“In 2017, Minnesota was named the second-most unequal state for Black people in a study of Black and White inequality by 24/7 Wall St., a financial news and opinion website,” reports Ivy Brashear for Yes! Magazine. In particular, Minneapolis’ Northside has a severe shortage of shopping centers, grocery stores, and banks. Poverty is widespread in the city’s Near North and Camden neighborhoods. A local activist, Me’Lea Connelly, observed that systemic oppression was stripping wealth from the community and decided to do something about that.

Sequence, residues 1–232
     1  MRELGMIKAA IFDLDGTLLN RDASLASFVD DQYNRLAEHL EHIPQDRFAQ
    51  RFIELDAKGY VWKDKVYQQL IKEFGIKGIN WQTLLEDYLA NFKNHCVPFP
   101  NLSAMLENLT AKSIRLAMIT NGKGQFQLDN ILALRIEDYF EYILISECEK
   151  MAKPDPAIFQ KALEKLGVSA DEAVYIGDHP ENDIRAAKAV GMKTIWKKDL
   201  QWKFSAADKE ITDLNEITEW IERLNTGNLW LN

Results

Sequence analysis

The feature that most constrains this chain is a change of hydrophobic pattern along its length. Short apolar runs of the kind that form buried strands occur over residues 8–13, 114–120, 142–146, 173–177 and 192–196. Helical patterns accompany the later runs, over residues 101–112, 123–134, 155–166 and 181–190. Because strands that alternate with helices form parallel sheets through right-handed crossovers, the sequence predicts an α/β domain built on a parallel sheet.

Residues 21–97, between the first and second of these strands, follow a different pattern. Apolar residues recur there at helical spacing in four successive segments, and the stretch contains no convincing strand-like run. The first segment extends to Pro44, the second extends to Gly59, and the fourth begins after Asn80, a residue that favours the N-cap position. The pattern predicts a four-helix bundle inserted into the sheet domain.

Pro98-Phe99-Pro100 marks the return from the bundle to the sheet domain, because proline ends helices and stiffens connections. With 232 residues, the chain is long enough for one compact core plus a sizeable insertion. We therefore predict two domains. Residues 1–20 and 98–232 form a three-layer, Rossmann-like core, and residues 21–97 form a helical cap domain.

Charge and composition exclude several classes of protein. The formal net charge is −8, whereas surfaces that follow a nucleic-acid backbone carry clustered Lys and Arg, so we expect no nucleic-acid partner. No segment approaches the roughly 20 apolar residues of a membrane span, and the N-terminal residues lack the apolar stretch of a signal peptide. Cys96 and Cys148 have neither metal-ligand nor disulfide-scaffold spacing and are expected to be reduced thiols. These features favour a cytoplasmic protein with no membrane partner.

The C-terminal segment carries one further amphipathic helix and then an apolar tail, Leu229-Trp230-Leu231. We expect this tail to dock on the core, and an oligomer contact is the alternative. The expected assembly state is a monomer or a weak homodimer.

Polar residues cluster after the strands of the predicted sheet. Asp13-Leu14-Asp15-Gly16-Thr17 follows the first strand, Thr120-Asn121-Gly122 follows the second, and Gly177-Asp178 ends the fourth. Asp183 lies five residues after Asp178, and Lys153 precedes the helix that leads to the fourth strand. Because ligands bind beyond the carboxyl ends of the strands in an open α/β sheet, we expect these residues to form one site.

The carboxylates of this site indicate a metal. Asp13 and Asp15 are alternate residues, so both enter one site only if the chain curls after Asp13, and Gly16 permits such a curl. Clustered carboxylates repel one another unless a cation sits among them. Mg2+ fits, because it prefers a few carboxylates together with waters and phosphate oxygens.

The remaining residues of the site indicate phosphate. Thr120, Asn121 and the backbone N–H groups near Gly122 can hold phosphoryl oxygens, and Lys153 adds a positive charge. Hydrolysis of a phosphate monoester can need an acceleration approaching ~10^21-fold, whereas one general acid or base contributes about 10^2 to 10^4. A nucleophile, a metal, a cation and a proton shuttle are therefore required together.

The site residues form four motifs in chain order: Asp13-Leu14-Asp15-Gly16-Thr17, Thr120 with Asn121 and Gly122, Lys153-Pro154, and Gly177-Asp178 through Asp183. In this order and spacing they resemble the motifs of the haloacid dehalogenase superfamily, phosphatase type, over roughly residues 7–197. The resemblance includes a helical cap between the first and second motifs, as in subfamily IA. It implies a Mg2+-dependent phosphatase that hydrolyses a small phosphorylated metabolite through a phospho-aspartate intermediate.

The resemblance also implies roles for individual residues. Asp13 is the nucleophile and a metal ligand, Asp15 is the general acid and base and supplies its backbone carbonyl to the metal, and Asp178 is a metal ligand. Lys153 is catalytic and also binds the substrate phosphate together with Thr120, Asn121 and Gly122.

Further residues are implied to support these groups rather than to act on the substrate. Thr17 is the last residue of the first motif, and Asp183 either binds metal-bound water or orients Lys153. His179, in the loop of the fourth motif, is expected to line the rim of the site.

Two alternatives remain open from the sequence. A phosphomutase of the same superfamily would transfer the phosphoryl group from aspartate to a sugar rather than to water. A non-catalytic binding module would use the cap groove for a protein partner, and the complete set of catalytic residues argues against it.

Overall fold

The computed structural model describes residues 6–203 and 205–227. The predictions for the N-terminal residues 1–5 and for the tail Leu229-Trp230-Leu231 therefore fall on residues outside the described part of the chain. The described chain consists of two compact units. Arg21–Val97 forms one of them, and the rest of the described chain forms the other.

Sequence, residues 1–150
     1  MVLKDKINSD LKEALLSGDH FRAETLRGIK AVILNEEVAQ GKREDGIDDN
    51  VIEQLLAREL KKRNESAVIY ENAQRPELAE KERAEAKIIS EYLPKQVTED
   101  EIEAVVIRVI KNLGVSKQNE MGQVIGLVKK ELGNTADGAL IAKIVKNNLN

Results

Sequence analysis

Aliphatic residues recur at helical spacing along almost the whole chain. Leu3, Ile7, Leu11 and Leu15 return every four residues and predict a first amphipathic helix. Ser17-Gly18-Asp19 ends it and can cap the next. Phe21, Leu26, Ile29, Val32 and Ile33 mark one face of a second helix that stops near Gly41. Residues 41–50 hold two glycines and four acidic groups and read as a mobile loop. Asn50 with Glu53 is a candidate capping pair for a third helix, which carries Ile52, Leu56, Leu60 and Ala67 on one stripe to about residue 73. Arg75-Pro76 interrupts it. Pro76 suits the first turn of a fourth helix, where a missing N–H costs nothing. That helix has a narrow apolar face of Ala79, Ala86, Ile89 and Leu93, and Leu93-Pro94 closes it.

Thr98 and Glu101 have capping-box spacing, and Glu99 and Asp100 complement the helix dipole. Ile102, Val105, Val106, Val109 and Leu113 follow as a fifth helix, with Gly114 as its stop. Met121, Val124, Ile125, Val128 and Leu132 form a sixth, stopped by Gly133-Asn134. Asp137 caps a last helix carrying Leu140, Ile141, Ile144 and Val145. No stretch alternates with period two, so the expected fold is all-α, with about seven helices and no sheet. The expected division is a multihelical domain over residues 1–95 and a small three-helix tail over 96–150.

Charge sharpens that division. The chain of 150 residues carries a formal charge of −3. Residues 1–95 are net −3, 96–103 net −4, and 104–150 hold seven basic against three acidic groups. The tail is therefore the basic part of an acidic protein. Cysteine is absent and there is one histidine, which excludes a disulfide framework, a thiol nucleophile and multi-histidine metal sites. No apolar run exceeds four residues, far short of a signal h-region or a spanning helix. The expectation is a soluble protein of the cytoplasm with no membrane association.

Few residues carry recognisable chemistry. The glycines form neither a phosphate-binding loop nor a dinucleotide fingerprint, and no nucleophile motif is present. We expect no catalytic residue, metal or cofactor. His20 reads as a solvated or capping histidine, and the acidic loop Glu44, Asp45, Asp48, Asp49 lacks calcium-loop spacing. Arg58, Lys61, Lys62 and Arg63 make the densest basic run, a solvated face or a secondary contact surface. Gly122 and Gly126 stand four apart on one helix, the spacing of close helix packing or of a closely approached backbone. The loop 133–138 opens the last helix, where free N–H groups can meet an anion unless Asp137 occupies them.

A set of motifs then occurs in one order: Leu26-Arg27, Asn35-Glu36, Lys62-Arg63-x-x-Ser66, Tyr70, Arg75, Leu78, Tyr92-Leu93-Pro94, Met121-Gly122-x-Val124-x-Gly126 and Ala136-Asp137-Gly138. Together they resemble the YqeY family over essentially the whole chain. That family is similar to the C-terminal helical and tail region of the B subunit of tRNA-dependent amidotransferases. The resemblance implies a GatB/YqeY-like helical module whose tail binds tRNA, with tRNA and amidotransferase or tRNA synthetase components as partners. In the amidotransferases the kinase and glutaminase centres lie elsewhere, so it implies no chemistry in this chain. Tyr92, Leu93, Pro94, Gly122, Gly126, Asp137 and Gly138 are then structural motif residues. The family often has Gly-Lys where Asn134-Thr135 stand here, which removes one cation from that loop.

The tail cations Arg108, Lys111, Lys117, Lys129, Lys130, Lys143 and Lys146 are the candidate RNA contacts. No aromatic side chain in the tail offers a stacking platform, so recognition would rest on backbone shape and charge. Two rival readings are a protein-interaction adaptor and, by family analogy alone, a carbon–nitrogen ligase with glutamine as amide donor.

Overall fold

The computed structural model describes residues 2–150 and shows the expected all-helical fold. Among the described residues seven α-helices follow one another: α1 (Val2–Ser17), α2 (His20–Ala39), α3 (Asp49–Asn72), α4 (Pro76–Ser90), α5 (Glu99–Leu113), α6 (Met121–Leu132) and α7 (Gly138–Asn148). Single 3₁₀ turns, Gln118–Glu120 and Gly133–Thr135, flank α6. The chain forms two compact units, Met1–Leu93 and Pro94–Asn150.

Connelly and others recognized that the community needed to take the lead in its own revival—or else risk having others develop the community, but in ways that promote gentrification and which would likely drive many current residents out. Gaining control over the money was a key part of the vision. “How do we take control of our own community and not let the lack of financial services in our community dictate our future? We have to have our own,” Connelly tells Brashear.
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